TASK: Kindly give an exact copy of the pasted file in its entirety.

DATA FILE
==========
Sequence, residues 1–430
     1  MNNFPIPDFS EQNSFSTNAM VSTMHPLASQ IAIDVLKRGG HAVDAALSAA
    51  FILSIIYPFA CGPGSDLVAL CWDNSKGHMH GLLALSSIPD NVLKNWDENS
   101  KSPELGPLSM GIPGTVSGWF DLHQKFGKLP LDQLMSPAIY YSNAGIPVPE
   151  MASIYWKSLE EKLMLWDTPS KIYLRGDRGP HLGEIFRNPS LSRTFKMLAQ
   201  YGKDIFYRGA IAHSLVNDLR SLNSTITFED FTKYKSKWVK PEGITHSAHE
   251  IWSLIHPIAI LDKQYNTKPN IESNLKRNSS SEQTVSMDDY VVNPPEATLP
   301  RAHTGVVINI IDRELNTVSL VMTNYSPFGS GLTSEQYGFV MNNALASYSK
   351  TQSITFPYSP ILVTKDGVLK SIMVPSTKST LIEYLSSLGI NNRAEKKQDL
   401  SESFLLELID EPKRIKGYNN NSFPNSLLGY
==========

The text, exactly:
Sequence, residues 1–430
     1  MNNFPIPDFS EQNSFSTNAM VSTMHPLASQ IAIDVLKRGG HAVDAALSAA
    51  FILSIIYPFA CGPGSDLVAL CWDNSKGHMH GLLALSSIPD NVLKNWDENS
   101  KSPELGPLSM GIPGTVSGWF DLHQKFGKLP LDQLMSPAIY YSNAGIPVPE
   151  MASIYWKSLE EKLMLWDTPS KIYLRGDRGP HLGEIFRNPS LSRTFKMLAQ
   201  YGKDIFYRGA IAHSLVNDLR SLNSTITFED FTKYKSKWVK PEGITHSAHE
   251  IWSLIHPIAI LDKQYNTKPN IESNLKRNSS SEQTVSMDDY VVNPPEATLP
   301  RAHTGVVINI IDRELNTVSL VMTNYSPFGS GLTSEQYGFV MNNALASYSK
   351  TQSITFPYSP ILVTKDGVLK SIMVPSTKST LIEYLSSLGI NNRAEKKQDL
   401  SESFLLELID EPKRIKGYNN NSFPNSLLGY